The nuchal translucency is the fluid found at the back of your baby’s head and neck, just beneath the skin. A nuchal translucency (NT) measurement is taken through a transvaginal or transabdominal ultrasound, measuring the thickness of this fluid. Normally the amount of fluid is small, producing a thin NT measurement.

We know that the amount of fluid can increase in the presence of certain conditions, producing a thicker NT measurement. Conditions associated with an increased NT measurement include some chromosome abnormalities (for example, trisomy 13, 18 and 21) and some structural problems (for example, heart abnormalities). An increased NT measurement does not always mean the baby has a problem but it does increase the risk.

There are established and strict criteria for the accurate measurement of the nuchal translucency. It is important for the measurement to be done properly to ensure an accurate result. If your baby is not co-operating and the NT cannot be measured accurately, we may ask you to return for more images later in the day. Occasionally, patients need to return on another day if the baby remains in an unhelpful position.


A nuchal translucency ultrasound is performed with a transabdominal ultrasound.

Transabdominal ultrasound involves scanning through your lower abdomen. A small amount of ultrasound gel is put on the skin of the lower abdomen, with the ultrasound probe then scanning through this gel. The gel helps improve contact between the probe and your skin.

Occasionally a transvaginal ultrasound is also needed. We may need to take a closer look at your baby, ovaries or cervix. A transvaginal ultrasound during all stages of pregnancy, including the first trimester, is safe and will not harm you or your baby. Your sonographer will be experienced at performing these pregnancy ultrasounds.

Transvaginal ultrasound is an internal ultrasound. It involves scanning with the ultrasound probe lying in the vagina. The transvaginal ultrasound probe is thin, about 2cm diameter. The probe is covered with a disposable protective sheath. A small amount of ultrasound gel is placed on the end of this probe. The probe is then gently inserted a short distance into the vagina by the sonographer. All transvaginal probes have been cleaned and sterilised according to recommended protocols.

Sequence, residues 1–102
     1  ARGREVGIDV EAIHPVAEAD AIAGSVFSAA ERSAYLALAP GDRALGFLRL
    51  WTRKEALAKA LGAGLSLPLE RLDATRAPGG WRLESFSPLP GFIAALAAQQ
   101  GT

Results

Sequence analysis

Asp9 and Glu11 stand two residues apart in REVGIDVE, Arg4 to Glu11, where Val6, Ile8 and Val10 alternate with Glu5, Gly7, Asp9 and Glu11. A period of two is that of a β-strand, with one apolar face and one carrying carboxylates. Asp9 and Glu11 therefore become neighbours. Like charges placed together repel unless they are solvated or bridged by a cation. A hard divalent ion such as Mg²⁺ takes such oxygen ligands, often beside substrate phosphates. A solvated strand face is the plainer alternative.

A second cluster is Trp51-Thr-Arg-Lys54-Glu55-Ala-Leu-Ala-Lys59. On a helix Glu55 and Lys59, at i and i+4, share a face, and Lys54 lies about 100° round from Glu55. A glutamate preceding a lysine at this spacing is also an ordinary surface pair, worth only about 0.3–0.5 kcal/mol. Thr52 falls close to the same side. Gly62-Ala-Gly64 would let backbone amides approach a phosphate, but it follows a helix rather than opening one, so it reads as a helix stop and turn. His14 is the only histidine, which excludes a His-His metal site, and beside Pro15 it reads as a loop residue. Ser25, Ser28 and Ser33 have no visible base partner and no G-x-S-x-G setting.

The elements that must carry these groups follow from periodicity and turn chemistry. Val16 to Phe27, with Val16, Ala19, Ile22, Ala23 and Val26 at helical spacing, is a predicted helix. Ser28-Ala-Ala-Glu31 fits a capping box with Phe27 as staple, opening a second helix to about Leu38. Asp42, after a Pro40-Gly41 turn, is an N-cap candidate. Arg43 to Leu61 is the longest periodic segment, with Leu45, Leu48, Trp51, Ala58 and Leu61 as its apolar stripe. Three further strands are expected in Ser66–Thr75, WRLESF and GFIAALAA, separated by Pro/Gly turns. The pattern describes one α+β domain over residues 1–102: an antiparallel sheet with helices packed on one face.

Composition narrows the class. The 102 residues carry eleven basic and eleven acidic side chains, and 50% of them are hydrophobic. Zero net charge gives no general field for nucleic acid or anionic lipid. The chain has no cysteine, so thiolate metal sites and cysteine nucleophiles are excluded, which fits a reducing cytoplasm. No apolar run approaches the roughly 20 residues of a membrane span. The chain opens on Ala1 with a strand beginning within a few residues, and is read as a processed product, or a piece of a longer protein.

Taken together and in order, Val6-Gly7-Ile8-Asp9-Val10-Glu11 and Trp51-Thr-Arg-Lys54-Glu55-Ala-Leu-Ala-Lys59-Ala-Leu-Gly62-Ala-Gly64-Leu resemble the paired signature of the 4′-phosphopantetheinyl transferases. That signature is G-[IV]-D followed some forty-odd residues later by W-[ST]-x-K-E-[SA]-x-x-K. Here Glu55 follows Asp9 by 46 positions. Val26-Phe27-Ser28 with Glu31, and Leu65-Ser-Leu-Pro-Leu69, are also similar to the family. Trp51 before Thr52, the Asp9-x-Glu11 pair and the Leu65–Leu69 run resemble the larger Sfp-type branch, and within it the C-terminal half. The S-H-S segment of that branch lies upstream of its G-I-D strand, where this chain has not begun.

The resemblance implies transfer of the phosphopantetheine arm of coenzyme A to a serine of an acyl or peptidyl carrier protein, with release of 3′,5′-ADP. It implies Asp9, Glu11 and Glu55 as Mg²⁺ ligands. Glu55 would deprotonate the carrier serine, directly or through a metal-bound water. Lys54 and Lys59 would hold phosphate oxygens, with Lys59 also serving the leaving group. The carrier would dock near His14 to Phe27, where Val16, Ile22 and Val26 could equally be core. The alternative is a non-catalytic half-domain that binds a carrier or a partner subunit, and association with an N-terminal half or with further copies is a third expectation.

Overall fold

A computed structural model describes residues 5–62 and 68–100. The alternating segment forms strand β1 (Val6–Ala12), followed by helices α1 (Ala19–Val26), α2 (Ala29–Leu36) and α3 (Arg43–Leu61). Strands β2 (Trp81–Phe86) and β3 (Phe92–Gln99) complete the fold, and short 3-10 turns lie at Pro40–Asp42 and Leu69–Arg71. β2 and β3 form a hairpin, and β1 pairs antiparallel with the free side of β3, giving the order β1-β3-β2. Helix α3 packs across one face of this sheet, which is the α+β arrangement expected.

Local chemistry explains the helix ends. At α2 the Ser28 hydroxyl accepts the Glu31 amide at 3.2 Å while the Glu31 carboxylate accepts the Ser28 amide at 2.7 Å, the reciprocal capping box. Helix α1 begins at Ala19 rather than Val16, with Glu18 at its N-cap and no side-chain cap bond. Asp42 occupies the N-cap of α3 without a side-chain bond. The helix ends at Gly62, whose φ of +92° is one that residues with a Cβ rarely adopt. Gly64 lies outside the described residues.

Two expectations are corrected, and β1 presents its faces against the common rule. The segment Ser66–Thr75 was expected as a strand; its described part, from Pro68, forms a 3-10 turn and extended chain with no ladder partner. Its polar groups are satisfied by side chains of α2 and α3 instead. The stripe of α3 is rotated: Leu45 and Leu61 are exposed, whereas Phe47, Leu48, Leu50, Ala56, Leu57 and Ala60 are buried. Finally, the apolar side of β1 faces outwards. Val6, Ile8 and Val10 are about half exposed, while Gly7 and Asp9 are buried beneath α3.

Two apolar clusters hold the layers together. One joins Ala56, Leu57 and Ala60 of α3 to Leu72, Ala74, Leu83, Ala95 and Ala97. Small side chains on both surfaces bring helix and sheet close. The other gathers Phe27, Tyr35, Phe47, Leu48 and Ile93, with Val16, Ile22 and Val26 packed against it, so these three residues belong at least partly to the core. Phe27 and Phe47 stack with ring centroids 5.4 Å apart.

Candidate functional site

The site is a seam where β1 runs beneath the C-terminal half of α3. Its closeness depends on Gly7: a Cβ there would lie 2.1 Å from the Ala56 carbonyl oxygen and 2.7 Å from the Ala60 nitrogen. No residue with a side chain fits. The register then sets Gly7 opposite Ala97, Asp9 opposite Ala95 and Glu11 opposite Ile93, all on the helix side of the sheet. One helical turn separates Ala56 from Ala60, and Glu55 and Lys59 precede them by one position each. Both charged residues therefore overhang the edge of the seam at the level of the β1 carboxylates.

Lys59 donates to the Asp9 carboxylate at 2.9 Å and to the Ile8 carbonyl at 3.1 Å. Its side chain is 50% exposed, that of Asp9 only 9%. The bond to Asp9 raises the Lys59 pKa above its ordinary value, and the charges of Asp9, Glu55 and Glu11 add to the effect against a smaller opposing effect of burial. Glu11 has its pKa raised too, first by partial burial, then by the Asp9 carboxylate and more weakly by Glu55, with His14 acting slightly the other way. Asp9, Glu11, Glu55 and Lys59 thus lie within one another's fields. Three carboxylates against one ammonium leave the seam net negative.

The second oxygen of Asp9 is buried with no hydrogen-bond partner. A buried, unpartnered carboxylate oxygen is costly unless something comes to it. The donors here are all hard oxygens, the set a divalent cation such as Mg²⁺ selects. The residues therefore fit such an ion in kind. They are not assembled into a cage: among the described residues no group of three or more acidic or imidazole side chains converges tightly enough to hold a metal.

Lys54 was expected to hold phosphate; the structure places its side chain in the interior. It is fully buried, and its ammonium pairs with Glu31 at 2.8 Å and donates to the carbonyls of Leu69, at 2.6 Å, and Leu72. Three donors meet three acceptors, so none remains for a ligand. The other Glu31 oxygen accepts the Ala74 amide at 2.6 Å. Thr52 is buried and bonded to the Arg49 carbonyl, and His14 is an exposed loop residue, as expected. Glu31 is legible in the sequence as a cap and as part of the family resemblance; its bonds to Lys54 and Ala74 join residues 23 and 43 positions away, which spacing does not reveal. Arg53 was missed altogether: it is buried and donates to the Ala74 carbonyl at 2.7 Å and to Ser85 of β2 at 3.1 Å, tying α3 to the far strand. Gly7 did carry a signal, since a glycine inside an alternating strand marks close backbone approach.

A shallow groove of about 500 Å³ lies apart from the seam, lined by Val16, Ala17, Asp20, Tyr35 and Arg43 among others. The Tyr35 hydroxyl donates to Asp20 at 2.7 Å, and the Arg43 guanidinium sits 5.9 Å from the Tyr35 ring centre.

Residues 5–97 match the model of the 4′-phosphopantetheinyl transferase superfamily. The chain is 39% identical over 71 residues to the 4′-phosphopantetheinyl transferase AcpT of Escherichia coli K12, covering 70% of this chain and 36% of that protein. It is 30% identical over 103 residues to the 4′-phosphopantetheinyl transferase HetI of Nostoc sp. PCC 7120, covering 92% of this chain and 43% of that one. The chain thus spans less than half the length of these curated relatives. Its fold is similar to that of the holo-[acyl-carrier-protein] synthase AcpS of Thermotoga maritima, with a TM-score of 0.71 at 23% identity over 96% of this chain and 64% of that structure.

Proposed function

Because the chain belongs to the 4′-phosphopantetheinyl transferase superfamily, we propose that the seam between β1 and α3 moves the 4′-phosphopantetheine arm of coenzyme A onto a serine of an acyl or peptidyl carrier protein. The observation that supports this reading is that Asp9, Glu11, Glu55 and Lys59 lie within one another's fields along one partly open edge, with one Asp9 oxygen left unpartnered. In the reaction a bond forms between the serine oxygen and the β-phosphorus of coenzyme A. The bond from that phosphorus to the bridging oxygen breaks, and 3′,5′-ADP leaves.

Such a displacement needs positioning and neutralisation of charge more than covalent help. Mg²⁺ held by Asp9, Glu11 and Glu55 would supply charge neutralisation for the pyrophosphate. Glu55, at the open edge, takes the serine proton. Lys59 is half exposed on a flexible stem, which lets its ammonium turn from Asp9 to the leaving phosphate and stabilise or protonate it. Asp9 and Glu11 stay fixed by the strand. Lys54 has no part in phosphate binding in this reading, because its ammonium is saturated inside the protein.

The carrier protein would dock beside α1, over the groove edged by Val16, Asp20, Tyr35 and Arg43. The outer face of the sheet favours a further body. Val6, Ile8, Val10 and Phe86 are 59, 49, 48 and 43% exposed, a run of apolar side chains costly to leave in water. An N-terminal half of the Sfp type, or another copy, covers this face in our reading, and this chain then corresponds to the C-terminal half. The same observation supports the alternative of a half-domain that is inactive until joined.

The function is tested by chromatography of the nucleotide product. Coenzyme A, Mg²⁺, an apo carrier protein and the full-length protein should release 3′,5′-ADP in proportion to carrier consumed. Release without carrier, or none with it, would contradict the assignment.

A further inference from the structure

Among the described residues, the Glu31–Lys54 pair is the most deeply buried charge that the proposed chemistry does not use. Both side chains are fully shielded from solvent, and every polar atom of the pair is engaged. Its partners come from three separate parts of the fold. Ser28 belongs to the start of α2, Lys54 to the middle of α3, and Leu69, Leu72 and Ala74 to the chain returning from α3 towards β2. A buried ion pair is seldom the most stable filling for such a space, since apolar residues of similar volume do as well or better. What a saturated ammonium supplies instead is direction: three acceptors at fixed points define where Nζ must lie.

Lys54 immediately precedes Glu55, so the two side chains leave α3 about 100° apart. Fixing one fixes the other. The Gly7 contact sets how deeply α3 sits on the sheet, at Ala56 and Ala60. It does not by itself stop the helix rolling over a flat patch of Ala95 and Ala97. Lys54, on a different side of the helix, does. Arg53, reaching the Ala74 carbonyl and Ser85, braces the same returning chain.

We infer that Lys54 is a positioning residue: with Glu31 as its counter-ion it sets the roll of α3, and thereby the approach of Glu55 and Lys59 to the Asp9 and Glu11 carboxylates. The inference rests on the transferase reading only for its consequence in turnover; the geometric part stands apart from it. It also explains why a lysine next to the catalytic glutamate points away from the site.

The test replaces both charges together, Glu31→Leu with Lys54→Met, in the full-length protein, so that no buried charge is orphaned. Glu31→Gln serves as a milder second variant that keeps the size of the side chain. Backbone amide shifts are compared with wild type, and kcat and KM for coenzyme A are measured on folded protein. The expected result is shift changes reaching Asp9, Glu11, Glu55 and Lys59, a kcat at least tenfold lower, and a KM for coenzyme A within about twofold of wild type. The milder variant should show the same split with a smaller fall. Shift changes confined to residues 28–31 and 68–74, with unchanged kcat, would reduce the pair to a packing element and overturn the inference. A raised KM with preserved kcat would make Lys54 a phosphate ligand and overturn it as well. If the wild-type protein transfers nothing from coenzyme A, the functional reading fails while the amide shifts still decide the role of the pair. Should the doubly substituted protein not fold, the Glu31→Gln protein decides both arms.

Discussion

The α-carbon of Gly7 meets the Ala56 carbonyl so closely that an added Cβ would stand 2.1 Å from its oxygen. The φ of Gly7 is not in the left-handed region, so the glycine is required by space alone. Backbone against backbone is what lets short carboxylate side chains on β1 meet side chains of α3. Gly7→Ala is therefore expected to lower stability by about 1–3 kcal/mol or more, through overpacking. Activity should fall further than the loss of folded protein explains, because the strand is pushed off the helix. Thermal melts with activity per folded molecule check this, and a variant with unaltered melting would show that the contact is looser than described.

Performing the transvaginal ultrasound usually causes less discomfort than a pap smear. No analgesia is required for this ultrasound.

Your privacy will always be respected during your ultrasound, especially the transvaginal examination. You will have a large towel covering your lower body, in addition to wearing a gown during the transvaginal ultrasound.

You will always have a choice about whether transvaginal ultrasound is performed. If you have concerns about transvaginal ultrasound, please discuss this with your sonographer.


We usually get better images during transabdominal ultrasound if the bladder is partially filled, so to help your examination we ask you to drink water prior to the assessment. Please empty your bladder 1 hour before your appointment, drink 2 glasses of water and try not to empty your bladder again until after your appointment.

A full bladder moves bowel out from the pelvis into the abdomen, helping visualisation of the pregnancy, uterus and cervix.

Your bladder should not be so full that it causes pain. If your bladder is very full and painful, you should empty a small amount so you are more comfortable.

You will be able to empty your bladder after the transabdominal ultrasound is completed and before the transvaginal ultrasound begins (if transvaginal ultrasound is required).


While not all women choose to have first trimester screening, all pregnant women, regardless of age, should be offered first trimester screening.

When considering first trimester screening, it may be helpful for you and your partner to consider what you would do if your baby had a chromosomal abnormality such as Down syndrome.